pdf iconDigital Ano-Rectal Examination (DARE)

The rate of anal cancer is unacceptably high in HIV-positive gay, bisexual and other men who have sex with men.  But did you know that women are also at risk for anal cancer?

Women living with HIV and women who are immunocompromised have a greater risk for developing cancers, in particular HPV (Human Papillomavirus) related cancers.

HIV, chemotherapy, taking prednisone, and autoimmune disorders can all have an effect on our immune systems. Some autoimmune disorders are more common in women than in men, for genetic reasons. Some examples of autoimmune conditions are:

  • Lupus
  • Type 1 diabetes
  • Rheumatoid arthritis
  • Celiac disease
  • Hashimoto’s thyroiditis
  • Multiple Sclerosis (MS)

Certain strains of HPV can lead to pre-cancerous or cancerous lesions in various parts of the body if the virus is not cleared by the immune system. The most common cancers that HPV causes are cervical, anal, vaginal, vulvar, penile, and throat cancers.

So while screening for anal cancer is often only thought to be important for gay men or men living with HIV, it’s also important for women living with HIV and other immunocompromised women to have regular Digital Ano-Rectal Examinations (DAREs) (pdf iconDigital Ano-Rectal Examination (DARE)). In fact, in a study of 251 women participating in the Women Interagency HIV Study (WIHS), 26% of HIV-positive women had symptoms of anal pre-cancer. The risk of anal and other HPV-related cancer increases with lower CD4 levels, or when HIV is not treated immediately.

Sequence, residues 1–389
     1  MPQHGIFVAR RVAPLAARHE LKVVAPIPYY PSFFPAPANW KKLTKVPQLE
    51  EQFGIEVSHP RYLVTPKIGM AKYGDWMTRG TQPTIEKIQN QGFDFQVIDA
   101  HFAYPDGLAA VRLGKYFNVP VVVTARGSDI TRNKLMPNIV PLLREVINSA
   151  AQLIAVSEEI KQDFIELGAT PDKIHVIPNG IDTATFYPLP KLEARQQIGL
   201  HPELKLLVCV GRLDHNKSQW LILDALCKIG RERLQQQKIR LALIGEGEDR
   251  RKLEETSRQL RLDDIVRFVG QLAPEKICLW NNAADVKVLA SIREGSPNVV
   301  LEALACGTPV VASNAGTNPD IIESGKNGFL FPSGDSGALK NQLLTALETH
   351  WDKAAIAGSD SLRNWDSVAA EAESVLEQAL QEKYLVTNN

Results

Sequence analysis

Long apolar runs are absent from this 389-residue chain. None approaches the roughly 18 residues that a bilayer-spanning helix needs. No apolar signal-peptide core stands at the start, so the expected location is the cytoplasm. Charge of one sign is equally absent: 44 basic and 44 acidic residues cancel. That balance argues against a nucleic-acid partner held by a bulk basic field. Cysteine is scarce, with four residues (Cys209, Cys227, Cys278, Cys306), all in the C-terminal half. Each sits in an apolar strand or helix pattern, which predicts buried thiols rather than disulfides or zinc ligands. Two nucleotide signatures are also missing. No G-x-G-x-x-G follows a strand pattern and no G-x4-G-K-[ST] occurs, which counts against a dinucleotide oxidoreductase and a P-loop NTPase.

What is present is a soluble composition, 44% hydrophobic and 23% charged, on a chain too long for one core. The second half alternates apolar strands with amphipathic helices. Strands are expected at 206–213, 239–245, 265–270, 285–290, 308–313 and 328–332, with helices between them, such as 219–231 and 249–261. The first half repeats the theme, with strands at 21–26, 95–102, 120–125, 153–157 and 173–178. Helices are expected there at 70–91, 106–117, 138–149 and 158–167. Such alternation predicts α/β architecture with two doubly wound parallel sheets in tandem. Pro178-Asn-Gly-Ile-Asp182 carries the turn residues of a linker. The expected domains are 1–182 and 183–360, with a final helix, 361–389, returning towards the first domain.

This increased risk for HPV-related cancer is another important reason to encourage women to get tested so we know our HIV status. We know that women in Australia are often diagnosed with HIV later than men. On average, women living with HIV in Australia had unknowingly been living with HIV for four years prior to their diagnosis. Having an untreated HIV infection for years can cause significant damage to an immune system, and therefore increases the risk for other illnesses like cancer. These ‘late diagnoses’ can be prevented if we change the status quo, and as women, demand that we are offered HIV tests at regular sexual health appointments.

When we are informed we are empowered, and empowered women empower women!

If you have any questions or concerns or want to talk to a peer, you can call the Positive Life Treatment Officer on (02) 8357 8386, 1800 245 677 (freecall) or email contact@positivelife.org.au

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